Where Are the UPA Shorts?

UPA

If there’s one question I’ve received more frequently than any other since the release of Cartoon Modern, it’s “Where can I see the UPA films?” There’s a lot of Golden Age animation being released onto dvd this year (Droopy, Popeye, Lantz cartoons, Tom and Jerry, etc.) but the catalog of classic cartoons produced by United Productions of America (UPA) during the 1950s remains completely off the radar. The studio produced just over ninety shorts and these films have not enjoyed a major release since a series of VHS tapes released the late-’80s.

It’s depressing that the only suggestion I can offer to folks looking for these films is to search for twenty-year-old out of print VHS tapes. I think it’s about time that Columbia pulled together a decent box set of all of the studio’s shorts, a package that gives us the classic characters (Gerald McBoing Boing, Mister Magoo, the Fox and Crow) along with the studio’s groundbreaking one-shot shorts (The Unicorn in the Garden, The Tell-Tale Heart, Rooty Toot Toot, The Jaywalker and Madeline). Until then, you can find some of the UPA shorts on video sharing sites. I’ve included links to all the ones I could find below, though unfortunately, if there’s one animation studio whose work doesn’t deserve to be seen in this crummy compressed Flash format, it’s the graphically intensive filmmaking of UPA.

Robin Hoodlum (1948)
The Magic Fluke (1949)
Gerald McBoing Boing (1951)
Rooty Toot Toot (1952)
The Tell-Tale Heart (1953)
Christopher Crumpet (1953)
The Unicorn in the Garden (1953)
Ballet-Oop (1954)
The Rise of Duton Lang (1955)


  • http://www.workergnome.com D. Newbury

    I know at least some of these films are packaged as extras on Universal films. Most of the Gerald McBoingBoing shorts are on Hellboy, for instance, and I think the Tell-Tale Heart is on there, too.

  • Chris Robinson

    course, you can always haul ass to Ottawa this year for our 4-part U.P.A. retrospective.

  • Cyber Fox

    It’s a shame cable tv channels don’t air cartoons like these anymore!

  • Paul

    It’s a shame Cartoon Network doesn’t air cartoons anymore…

  • http://rustinallison.blogspot.com Rustin Allison

    I never paid attention to UPA animation until my animation class at school. I was really impressed! It is a shame that these are not more widely available.

  • http://pediatristsplayground.blogspot.com Kevin W. Martinez a.k.a. Leviathan

    Madeline is also a bonus on the Live-Action Madeline feature. The 4 Gerald Mc-Boing Boing shorts were also released on DVD on their own to tie into the then-new Gerald McBoing Boing TV show on Cartoon Network

    Personally, I think that Republic’s stash of Max Fleischer and Famous Studios shorts have gotten shabbier treatment than the UPA shorts, since they don’t even show up as Bonus Shorts on Live-action DVDs

  • http://classicanimation.blogspot.com Thad Komorowski

    I’m pretty repulsed by most of the UPA cartoons and the style it inspired but the fans of it should be able to see them on DVD.

    Actually, a DVD release of the UPA cartoons would be great, because now with most of the studios releasing their libraries to home video, even the best of UPA’s material will pale in comparison to the Warner, MGM, Disney, Lantz, and Fleischer cartoons also readily available.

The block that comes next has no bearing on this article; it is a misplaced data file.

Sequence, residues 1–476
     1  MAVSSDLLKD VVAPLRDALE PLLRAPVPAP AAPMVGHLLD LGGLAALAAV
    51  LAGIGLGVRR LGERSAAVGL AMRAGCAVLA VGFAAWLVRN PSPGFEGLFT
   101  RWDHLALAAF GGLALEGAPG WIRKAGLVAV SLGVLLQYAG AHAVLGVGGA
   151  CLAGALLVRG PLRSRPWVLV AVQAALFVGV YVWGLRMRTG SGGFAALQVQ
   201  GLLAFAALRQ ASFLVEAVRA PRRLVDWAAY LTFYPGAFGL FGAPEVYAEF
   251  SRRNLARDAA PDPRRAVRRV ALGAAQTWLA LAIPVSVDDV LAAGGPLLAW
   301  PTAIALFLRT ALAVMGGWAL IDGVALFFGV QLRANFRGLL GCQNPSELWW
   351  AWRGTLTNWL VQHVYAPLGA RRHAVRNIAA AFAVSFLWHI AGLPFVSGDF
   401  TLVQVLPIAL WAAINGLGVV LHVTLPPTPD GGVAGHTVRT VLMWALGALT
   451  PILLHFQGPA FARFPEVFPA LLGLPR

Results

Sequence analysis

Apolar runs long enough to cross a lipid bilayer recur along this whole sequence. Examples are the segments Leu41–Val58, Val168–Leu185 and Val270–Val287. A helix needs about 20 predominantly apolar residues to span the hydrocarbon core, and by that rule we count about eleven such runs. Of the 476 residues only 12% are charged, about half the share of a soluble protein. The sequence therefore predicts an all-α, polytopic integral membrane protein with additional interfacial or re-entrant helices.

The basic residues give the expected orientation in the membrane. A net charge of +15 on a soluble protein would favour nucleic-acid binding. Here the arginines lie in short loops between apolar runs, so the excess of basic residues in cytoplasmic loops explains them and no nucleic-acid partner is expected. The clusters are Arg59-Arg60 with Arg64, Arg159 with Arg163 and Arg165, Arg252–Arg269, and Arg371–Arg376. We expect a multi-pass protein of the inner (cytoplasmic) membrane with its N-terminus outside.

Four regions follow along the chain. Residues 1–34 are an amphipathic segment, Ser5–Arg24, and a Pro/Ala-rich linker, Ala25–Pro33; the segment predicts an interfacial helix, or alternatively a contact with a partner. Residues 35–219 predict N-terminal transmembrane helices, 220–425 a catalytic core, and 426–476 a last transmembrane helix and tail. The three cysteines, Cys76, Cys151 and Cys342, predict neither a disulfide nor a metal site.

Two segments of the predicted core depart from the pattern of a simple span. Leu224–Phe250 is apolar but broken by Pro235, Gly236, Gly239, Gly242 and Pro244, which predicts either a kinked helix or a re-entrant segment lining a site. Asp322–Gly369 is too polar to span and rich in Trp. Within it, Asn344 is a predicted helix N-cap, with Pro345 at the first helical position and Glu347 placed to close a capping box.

Oh and Madeline sucks.

  • Steve Burstein

    I remember that I was puzzled that only the bad Magoo TV cartoons were in the syndication package, but not the better theatricals.I later figured that it was a rights issue.

  • http://members.shaw.ca/petemslie/index.htm Pete Emslie

    I think the nefarious John K. is to blame. Renowned for his detesting of those flat, unfunny animated films (don’t let him hear you call them “cartoons”!) John has obviously got some sort of dirt on the guy who’s in charge of the UPA titles, thus blackmailing him into keeping a tight lid on them. I just know it’s John’s doing – has to be….

    Nyuk nyuk nyuk :)

  • Steve Gattuso

    Given that Sony was willing to go to the effort of restoring the Scrappy cartoons, I imagine the UPA shorts should be next on their radar.

  • http://cheekyentertainment.blogspot.com Craig

    Perhaps Sony/Columbia will release a complete UPA DVD set to complement their new forays into feature animation like “Surfs Up” and “Open Season”, plenty of room for cross-promotion I would think. Also could tie into the UPA documentary film now in production.

    There are also some worthy pre-UPA “Fox and Crow’s” Columbia put out directed by Frank Tashlin that could use similar treatment.

  • Rob T.

    Amen to that! A complete set of the UPA theatrical shorts would top my list of “must-buy” DVD’s the minute it was released.

    (And now I need to click on the link to “The Magic Fluke”, the one film listed above that I haven’t seen yet….)

  • http://sandwichbag.blogspot.com Elliot Cowan

    Thad Komorowski – repulsed?? You aren’t required to enjoy everything, but “repulsed”?!
    Care to shed some light on why these films offend your artistic sensibilities so much?

  • http://fmhansen.blogspot.com FRANK HANSEN

    Thanks to your book Cartoon Modern, the graphic style of UPA is even more in the public eye than before. While at Sony for a brieff time working in restoration I approached my boss about resmastering and restoring the UPA library, but never heard back from him. It’s not that Sony restoration would not be into the idea of doing this, it is convincing their Home Ent. dept that it is worth it. I really think UPA’s style and animation is more relavent today than it has been in a long time. I would really love to find out how often UPA cartoons are downloaded and/or viewed on the net becuase this would be a good way to gauge their popularity and perhaps give Sony Home Ent a reason to green light the money to restore, remaster and release them on DVD.

  • amid

    Thad wrote, “I’m pretty repulsed by most of the UPA cartoons and the style it inspired but the fans of it should be able to see them on DVD.”

    Don’t worry Thad. You’ll come to appreciate fine art as you grow older and learn to see. Well, either that, or you’ll become John K. :-)

  • http://classicanimation.blogspot.com Thad Komorowski

    I feel that the UPA cartoons are not fine art, most are pretentious novelties that have dated really badly. The term ‘fine art’ being applied to animation just comes off as really pretentious to me to begin with, but that’s just me.

    Elliot Cowan, I’ve written at length on my blog why I have disdain for the UPA cartoons, though I’d much rather write about which cartoons I like (or work constructively on new cartoons) than which ones I dislike.